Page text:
Spatial audio is achieved by replicating the way our ears hear sound. Imagine someone trying to record a stereoscopic static video. They would set up two camera lenses in close proximity to our eyes so that they can see something through the lenses the same way that we do. We take that same approach to recording sound. It’s really important to capture sound with a pair of microphones from a perspective that replicates how our ears hear that sound.
3. What are the other ways of replicating 3D sound?
Greg: We set out to create something that captures audio with a very natural sounding result. The outcome is that you feel like you’re really there. Our current approach represents how the human ears work together in capturing scenarios. Another way of capturing spatial audio or creating a spatial audio experience is the synthesis of it. This is where you capture a sound signal and create an experience in post-based on that sound field, similar to ambisonic capture or ambisonic deliverables. It’s another method that a lot of companies in this industry have adopted. We’ve created a lot of those tools and built a ton of prototypes of those tools along the way, but we think that our first products should be really natural sounding, so we decided to start by pushing the binaural experience. We believe binaural has a very important place in VR and immersive content.
4. Explain the difference between binaural and ambisonic.
Matt: We can separate spatial audio capture into two main categories: binaural capture and delivery, versus ambisonic capture and delivery. One difference between the two formats is that ambisonic recordings require synthesis to be spatialized – the audio needs to be converted to B-Format and then fed through HRTF filters in order for a listener to hear the spatial component. The problem here is that you can’t control how a platform’s HRTF filters sound – meaning that you lose control of how your recordings sound at the delivery stage. There are other problems with ambisonic recording including phase and frequency response issues that are inherent in the de-code process. The reason why we love our omni-binaural recording solution is because it is not synthesized. All the spatial audio cues are baked into the original recording in high resolution. Coming from a background of over 20 years of recording, mixing, playing, and producing music, as an audio engineer you’re drawn to capturing something, hearing it the way you captured it and understanding how it sounds. We are obsessed with resolution and how we record things. We’re fascinated with our playback monitors, and when we mix we listen in all sorts of different environments including our cars, homes, laptops, etc. We do that for one reason – because we want to make sure our mix sounds great wherever it’s played and we want to have a firm understanding of that.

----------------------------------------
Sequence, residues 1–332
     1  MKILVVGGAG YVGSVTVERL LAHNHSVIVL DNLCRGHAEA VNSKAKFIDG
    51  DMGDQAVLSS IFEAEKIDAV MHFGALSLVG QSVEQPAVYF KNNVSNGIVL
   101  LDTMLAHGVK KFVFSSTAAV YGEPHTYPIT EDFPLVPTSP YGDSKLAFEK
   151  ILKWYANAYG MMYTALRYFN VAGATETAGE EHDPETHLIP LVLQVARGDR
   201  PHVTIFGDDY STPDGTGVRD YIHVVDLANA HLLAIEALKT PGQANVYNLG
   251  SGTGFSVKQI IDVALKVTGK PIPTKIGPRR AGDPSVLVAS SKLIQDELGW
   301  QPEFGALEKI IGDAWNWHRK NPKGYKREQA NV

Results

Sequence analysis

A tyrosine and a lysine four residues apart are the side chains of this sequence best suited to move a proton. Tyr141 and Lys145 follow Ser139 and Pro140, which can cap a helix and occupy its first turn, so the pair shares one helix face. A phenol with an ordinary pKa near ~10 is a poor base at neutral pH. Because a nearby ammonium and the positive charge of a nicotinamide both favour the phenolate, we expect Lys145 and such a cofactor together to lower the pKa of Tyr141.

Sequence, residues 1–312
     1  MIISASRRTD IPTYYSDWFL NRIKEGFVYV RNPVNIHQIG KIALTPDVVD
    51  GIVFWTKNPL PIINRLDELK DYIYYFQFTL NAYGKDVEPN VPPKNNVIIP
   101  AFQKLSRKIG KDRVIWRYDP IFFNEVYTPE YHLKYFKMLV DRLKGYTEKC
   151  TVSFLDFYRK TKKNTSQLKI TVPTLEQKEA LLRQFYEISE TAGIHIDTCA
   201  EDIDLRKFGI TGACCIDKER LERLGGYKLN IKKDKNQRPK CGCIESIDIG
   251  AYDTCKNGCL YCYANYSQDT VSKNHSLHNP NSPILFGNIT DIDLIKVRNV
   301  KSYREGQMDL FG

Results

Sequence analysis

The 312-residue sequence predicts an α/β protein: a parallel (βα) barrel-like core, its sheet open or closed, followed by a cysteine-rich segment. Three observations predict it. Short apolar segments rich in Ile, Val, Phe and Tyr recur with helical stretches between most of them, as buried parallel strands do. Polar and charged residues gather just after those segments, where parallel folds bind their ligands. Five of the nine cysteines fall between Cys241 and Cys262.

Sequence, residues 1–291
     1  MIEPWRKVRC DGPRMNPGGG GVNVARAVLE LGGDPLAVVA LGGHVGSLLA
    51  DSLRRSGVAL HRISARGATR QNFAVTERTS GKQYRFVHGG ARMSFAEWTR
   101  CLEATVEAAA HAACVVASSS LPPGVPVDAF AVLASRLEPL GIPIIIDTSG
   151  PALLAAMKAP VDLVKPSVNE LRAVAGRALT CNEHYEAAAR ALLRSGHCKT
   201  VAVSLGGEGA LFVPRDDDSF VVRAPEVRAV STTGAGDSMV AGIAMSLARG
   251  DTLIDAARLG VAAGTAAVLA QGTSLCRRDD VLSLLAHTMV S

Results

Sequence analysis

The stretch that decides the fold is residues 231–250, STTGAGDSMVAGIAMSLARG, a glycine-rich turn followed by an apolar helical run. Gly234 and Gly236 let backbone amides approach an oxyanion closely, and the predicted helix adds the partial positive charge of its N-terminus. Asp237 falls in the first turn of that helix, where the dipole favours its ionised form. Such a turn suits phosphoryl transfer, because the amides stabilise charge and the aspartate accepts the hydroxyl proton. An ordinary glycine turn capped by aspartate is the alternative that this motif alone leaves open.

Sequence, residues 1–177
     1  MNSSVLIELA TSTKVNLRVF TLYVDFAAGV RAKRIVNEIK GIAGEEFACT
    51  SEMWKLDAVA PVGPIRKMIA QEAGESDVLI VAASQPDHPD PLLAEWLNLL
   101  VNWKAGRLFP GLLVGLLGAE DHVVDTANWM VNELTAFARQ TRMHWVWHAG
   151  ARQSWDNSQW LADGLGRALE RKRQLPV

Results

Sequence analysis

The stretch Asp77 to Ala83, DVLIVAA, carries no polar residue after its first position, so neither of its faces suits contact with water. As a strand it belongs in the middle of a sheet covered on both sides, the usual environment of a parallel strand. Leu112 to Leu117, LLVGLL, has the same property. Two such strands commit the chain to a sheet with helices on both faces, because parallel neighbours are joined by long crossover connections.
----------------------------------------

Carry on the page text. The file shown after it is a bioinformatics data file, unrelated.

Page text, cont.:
5. What was the motivation or inspiration for developing a spatial microphone? Did it have to do with creative challenges or developments in 360° or VR?
Greg: We wanted to have an end-to-end solution where we control the quality of it from capture to delivery. We felt like there was a place for an omni-binaural capture because we wanted to have something that sounded very natural and sounded like the space and the performance that was played in the initial environment. We liked that you could capture sound that way, without the need to change it or affect it if you didn’t want to. So we sought to develop a microphone that could accomplish that. From there, we had to create all of the tools to edit the captured content, mix it with non-spatial audio, or things that you wanted to become spatial, and finally deliver it encoded for your preferred content platform.